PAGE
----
Within that context. Housing is now simply an asset class. Its no longer just housing. 

It can be cheap, or expensive. It can have good yields or no yields. But the dialogue around houses has to accept that reality. 

We should forget the mantra of attempting to link house prices to 3x average income mortgages. 

Sometimes it can reach 1x income mortgage and sometimes it can be 10x. But I think now the link to average income is tenuous. As it has been worldwide for quite some time.

I would agree as things stand now.......but that could well change if TPTB taxed investment, hoarding or other reasons to buy other than as a home to live in.....would you buy a property that cost more to keep than it earned in capital income or growth?

The housing market is not open for all form all countries to buy in all countries.....;)

 

 

Edited by winkie

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yes. we can go full bolshevik on all assets not just real estate. Its a risk that all asset holders take into consideration...

and within that context, UK real estate is, ironically, a super safe bet from the perspective of all the newly moneyed people from communist and formerly communist countries.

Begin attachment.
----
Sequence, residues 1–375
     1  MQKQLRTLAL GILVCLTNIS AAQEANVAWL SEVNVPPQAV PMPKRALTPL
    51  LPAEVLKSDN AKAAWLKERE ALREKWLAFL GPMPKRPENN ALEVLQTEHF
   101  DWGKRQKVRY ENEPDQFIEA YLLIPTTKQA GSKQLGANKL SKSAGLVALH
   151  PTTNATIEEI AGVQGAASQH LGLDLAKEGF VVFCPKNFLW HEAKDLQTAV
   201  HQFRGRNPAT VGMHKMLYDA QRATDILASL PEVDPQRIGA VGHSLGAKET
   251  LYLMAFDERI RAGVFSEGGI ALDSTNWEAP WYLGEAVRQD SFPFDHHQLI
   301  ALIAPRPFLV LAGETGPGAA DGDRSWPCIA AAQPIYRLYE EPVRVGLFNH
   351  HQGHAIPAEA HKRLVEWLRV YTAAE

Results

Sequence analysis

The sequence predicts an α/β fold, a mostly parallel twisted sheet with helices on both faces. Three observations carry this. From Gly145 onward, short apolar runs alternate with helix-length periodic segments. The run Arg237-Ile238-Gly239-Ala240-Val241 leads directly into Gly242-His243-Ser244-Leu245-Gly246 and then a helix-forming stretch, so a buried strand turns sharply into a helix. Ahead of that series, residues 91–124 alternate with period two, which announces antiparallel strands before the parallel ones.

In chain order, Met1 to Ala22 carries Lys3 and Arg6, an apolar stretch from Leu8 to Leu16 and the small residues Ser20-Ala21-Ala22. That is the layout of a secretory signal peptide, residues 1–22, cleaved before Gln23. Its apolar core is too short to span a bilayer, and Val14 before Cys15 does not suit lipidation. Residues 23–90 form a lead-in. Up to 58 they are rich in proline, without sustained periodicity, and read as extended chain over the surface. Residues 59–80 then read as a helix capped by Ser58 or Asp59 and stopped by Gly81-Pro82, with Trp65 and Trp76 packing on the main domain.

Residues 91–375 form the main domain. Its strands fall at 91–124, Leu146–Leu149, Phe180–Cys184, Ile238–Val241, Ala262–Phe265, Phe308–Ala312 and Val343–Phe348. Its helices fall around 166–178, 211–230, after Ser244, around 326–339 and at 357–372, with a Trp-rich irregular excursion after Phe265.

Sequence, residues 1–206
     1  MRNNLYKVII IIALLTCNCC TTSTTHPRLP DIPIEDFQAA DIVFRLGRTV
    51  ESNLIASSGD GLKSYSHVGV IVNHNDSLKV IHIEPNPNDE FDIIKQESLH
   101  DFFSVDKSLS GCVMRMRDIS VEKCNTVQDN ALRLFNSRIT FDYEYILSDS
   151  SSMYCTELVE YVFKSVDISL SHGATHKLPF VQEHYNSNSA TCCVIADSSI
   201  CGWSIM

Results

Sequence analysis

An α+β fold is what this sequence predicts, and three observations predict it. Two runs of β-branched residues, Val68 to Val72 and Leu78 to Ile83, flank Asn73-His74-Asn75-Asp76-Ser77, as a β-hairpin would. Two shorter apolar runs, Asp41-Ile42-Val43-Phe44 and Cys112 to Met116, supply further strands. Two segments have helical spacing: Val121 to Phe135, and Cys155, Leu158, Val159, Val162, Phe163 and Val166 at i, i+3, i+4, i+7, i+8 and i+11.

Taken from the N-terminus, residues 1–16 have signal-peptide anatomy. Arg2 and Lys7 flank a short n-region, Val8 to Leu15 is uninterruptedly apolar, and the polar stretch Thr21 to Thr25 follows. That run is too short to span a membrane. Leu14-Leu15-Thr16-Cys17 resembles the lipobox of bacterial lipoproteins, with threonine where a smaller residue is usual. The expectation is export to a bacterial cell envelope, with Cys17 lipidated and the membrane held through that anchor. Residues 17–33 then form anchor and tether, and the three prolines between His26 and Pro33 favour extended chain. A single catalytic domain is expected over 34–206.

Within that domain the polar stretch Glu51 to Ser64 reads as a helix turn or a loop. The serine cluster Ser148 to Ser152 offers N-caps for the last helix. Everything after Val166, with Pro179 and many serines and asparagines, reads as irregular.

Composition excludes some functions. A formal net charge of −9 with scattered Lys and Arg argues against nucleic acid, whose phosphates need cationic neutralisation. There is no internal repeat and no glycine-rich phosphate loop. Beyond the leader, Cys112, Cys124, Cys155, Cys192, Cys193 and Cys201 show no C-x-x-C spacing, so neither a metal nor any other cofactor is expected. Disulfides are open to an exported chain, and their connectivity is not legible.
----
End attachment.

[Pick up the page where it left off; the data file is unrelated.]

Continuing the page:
- they may very well see UK housing as being rather cheap. I mean as an asset, a house in Hull is less likely to be nationalised than a super expensive place in Shanghai or Moscow. So maybe the UK is still cheap? just not for its salaried citizens.

Onerous taxes, then would be a good way to :

1- have a temporary "dip" in houses as some panic selling takes place

2- have a long term revenue stream from all the "international asset holders" who are buying into the UK's "safe haven" status. 

I don't see a problem with building millions of empty flats for investors. It would make rents super cheap at least - and solve one of the key dilemmas of the massive trade deficit.

Edited by hayder